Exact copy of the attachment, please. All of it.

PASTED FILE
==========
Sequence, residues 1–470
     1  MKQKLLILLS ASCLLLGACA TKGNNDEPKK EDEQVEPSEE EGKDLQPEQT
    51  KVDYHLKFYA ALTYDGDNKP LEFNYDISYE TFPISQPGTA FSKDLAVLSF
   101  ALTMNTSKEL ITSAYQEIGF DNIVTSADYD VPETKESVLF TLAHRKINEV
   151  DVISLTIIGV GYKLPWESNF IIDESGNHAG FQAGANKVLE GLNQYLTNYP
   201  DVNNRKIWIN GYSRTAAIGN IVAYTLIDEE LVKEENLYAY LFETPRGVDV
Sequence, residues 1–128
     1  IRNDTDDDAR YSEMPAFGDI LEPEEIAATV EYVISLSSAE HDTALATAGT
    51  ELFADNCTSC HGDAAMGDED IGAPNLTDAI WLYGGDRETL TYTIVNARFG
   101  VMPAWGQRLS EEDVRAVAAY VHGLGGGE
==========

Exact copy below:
Sequence, residues 1–470
     1  MKQKLLILLS ASCLLLGACA TKGNNDEPKK EDEQVEPSEE EGKDLQPEQT
    51  KVDYHLKFYA ALTYDGDNKP LEFNYDISYE TFPISQPGTA FSKDLAVLSF
   101  ALTMNTSKEL ITSAYQEIGF DNIVTSADYD VPETKESVLF TLAHRKINEV
   151  DVISLTIIGV GYKLPWESNF IIDESGNHAG FQAGANKVLE GLNQYLTNYP
   201  DVNNRKIWIN GYSRTAAIGN IVAYTLIDEE LVKEENLYAY LFETPRGVDV
Sequence, residues 1–128
     1  IRNDTDDDAR YSEMPAFGDI LEPEEIAATV EYVISLSSAE HDTALATAGT
    51  ELFADNCTSC HGDAAMGDED IGAPNLTDAI WLYGGDRETL TYTIVNARFG
   101  VMPAWGQRLS EEDVRAVAAY VHGLGGGE